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readme.md

React Lifecycle Hooks

Listening to ALL your React components in a neat and simple way.

To start up:

  1. Install from npm
    $ npm i react-lifecycle-hooks --save-dev
    
  2. Use in single file, but influence whole app!
    import { activate } from 'react-lifecycle-hooks'
    activate()

Usage

After above steps, react-lifecycle-hooks is ready to serve. It is watching every lifecycle among all components in your app. You can tell it what to do when lifecycles are invoked and even change the original behaviors!

Besides activate, it provides another method addMiddleware.

// #use-lifecycle-hooks.js
// You can create such a new file, then you can plug/unplug this easily
// Just don't forget to import this file :)
import React from 'react'
import { activate, addMiddleware } from 'react-lifecycle-hooks'

// You'll see basic usages with example middleware
// you can tell that it logs every happening in your app from its name.
function logEverything({
  // A middleware is a function accepts single argument, which has 5 properties.
  componentClass, // component's class
  componentInstance, // current instance of `componentClass`
  lifecycleName, // name of the lifecycle going to be invoked
  lifecycleArguments, // arguments will be passed to the lifecycle
  returnAs, // pass functions that accept & overwrite return value
}) {
  console.log(
    'Going to execute',
    lifecycleName,
    'of',
    componentClass.displayName || componentClass.name,
    'on instance',
    componentInstance,
    'with arguments',
    lifecycleArguments
  )
}

// Do you believe, this single middleware can turn every component class into React.PureComponent?
function forcePureComponent({
  componentInstance,
  lifecycleName,
  lifecycleArguments: [nextProps, nextState],
  returnAs,
}) {
  if (lifecycleName === 'shouldComponentUpdate') {
    const { props, state } = componentInstance
    returnAs(returnValue => {
      // Do nothing if the component's `shouldComponentUpdate` returns a boolean, which means it has been implemented
      if (typeof returnValue === 'boolean') return returnValue
      // Do what pure component does.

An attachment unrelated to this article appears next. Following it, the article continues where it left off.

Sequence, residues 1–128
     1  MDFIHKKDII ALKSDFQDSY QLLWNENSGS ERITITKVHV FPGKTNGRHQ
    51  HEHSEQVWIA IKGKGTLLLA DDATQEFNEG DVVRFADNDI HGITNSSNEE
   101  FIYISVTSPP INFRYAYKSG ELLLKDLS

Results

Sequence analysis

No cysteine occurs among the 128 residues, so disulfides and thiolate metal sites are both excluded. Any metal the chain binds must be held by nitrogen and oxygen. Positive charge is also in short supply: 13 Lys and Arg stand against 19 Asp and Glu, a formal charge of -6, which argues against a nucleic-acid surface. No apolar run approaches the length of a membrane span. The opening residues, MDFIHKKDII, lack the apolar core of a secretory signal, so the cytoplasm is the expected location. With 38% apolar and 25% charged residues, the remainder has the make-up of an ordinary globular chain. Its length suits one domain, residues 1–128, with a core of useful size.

// This return value will overwrite the original return value!
      return !(shallowEqual(props, nextProps) && shallowEqual(state, nextState))
    })

    returnAs(shouldUpdate => {
      // One more good news!
      // You can use multiple returnAs, they will be chained so that you can modify return value multiple times.
      return shouldUpdate
    })
  }
}

const removeLogMiddleware = addMiddleware(logEverything)
// removeLogMiddleware() will remove logEverything from middlewares

// All components works like pure components now!
addMiddleware(forcePureComponent)

const deactivate = activate()
// Use deactivate() to undo activate

Assume such a component is in your project.

//#my-component.jsx
function MyComponent(props) {
  return <span>Hello, World!</span>
}

Then every time it renders, you'll see output like this from console:

  Going to execute render of MyComponent on instance {the instance} with arguments {props}.

Check out Code Sandbox Demo for more detailed usages!

Options

react-lifecycle-hooks accepts an optional argument when activating:

activate({ React, compat })

options works with these optional keys:

  • compat - It is in short for compatibility. React team has announced lifecycle changes since 16.3, that's the reason of having this option. valid values:

    • 'legacy' - for React < v16.3.0
    • 'latest' - for React >= v16.3.0
    • 'all' - all lifecycles, but you'll might get warnings in console.
    • if omitted, react-lifecycle-hooks will decide automatically!
  • React - Explicitly pass React or react-like lib in, for example:

    activate({ React: require('react') })
  • fill - auto fill unimplemented lifecycle with function() {}. While few special lifecycles (like getDerivedStateFromProps) will be filled anyway with correct return value. Type: Boolean, default: false.

  • transformToClass - transform function components to class components. Type: Boolean, default: false.

Why react-lifecycle-hooks instead of others?

Most similar tools work as HoC or hijack React.Component prototype methods to achieve the similar goal. But they have disadvantages:

  1. Developers have to add HoC decorator to each components.

    It would be a disaster if there are lots of components.

  2. Due to 1., components code have be polluted.

    In most cases, these changes are supposed to be included only when developing. Modifying lots of component code for global needs is not a good idea.

  3. If hijack prototype lifecycle methods, it will not work for components who have custom lifecycle method declared.
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